• Screen-less Windows – The windows don’t have mesh screens here, so if you open a window anything can come flying in. It also makes it hard for me to open a window fully to let fresh air in without my cat Clea trying to sit on the windowsill five floors up, which doesn’t feel so safe!
  • Babies – Basically every third woman I’ve seen is pregnant or holding a new baby. Seriously, this place is popping with mamas about to pop. But when it comes to parenting, I’ve never been in a place where the dads are so involved. It is refreshing to see!

Tess’ Tips:

  • Håller Tummarna – When you want to wish someone good luck in Sweden you “hold your thumb,” or tuck your thumb into your fist. If you cross your fingers like you would in the US, it means you are lying in Sweden!
  • Curtains – When you move into an apartment here be prepared to buy your own curtains or blinds – they aren’t always included like they would be in the US. And most Swedes don’t bother to close their curtains at night when it get dark and the lights inside come on, so you can see right in. This really surprised me considering Swedes are quite reserved. While Swedes aren’t as nosey, I can’t help but look in while walking by – it is like a real-life Scandi Land inspirational Pinterest board!
  • Ask for the Check – Going out to eat here is quite expensive. The Value Added Tax (VAT) is around 25% and tip is included in the bill. The nice thing, however, is that you can sit for as long as you want! You are rarely asked to give up your table and can easily stay well past finishing your last bite and having your plates cleared. When you are ready to leave, it is up to you to flag your server and ask for the check. Enjoy your time – you’re paying well for it.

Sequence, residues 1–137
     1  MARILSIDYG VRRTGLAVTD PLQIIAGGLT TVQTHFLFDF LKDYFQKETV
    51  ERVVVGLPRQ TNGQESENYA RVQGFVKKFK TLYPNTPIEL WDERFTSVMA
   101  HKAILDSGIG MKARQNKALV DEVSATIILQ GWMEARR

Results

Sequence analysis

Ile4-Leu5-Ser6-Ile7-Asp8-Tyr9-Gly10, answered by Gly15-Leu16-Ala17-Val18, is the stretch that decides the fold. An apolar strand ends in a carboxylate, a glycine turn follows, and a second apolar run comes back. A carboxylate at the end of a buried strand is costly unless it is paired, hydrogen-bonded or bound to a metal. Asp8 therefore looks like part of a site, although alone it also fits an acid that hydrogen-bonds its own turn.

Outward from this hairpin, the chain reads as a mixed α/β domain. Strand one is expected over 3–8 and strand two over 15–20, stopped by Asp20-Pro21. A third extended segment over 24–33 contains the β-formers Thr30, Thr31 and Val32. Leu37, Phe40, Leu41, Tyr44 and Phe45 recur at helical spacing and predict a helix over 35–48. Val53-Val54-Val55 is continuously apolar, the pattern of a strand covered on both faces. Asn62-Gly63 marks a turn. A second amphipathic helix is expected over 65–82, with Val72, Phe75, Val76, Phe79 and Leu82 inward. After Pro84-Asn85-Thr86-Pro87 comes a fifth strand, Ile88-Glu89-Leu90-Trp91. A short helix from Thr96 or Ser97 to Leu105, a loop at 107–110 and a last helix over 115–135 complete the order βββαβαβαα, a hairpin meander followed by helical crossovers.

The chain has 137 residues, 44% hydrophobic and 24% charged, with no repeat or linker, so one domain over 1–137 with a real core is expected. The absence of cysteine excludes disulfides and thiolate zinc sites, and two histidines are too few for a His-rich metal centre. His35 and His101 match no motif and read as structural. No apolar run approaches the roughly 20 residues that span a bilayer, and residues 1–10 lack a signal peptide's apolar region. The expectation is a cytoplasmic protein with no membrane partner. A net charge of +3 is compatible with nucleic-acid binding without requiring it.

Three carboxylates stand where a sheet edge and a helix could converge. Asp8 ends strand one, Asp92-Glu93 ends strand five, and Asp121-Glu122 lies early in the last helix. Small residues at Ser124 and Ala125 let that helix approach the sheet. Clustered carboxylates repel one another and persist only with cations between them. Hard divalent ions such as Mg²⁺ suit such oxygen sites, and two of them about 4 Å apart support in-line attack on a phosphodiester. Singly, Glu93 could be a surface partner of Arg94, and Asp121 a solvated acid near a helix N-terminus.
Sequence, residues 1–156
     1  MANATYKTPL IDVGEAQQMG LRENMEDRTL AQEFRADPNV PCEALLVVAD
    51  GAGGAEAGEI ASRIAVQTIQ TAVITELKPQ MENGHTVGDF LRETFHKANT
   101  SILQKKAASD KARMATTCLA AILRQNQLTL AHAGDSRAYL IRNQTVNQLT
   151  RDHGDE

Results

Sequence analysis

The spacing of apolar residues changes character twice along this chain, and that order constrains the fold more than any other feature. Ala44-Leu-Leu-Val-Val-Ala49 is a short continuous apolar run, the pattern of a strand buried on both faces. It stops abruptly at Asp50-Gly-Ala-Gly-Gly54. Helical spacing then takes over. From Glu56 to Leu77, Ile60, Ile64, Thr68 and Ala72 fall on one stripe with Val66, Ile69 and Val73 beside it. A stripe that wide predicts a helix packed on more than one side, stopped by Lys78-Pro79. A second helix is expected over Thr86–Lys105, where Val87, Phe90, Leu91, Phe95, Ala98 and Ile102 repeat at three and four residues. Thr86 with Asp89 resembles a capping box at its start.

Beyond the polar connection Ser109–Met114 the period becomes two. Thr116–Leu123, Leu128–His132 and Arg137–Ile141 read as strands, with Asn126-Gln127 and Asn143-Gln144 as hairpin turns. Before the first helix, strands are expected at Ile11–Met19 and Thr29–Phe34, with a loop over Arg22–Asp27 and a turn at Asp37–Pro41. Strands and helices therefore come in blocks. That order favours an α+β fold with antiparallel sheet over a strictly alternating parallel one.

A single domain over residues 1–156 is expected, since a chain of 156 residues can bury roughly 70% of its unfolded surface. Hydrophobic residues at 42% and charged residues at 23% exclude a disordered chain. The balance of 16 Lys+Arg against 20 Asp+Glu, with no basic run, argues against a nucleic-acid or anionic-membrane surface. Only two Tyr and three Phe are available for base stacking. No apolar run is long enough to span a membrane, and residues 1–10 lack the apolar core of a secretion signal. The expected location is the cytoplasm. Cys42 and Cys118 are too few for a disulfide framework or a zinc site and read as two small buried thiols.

These are just some of the many differences I have noticed between the US and Sweden. Some of these things, like recycling and buying alcohol, I’ll take more about in separate posts, so stay tuned!

Hope you learned some new Swedishness today and I’ll see you in the next post!

Sources

8 thoughts on “Sweden and Fun Facts

      • Well, a few examples:
        * We also “tuck our thumb into our fist” to wish someone good luck
        * When buying a house, you might find some blinds there, but you will have to buy your own curtains
        * And restaurants don’t mind if you sit a little bit longer at your table after you’ve had your meal – I can’t remember that anyone ever asked us to give up our table … maybe they are hoping we will order more drinks 😉
        * Houses that were recently build (last 20 years), also don’t have mesh screens in front of their windows
        * Oh yes, and about alcohol … we can buy wine in grocery stores, but beer and “hard” alcohol (like whiskey, rum, vodka, etc.) you can only buy at the liquor stores … though, at the moment we are not allowed to buy any alcohol (due to us being on Level 3 of Covid-19). And the legal age to buy alcohol is 18 (to purchase at a store, as well as to buy at a bar).

        So yes, lots of similarities … but after reading your post, we can definitely learn from the Swedish about recycling!

        Liked by 1 person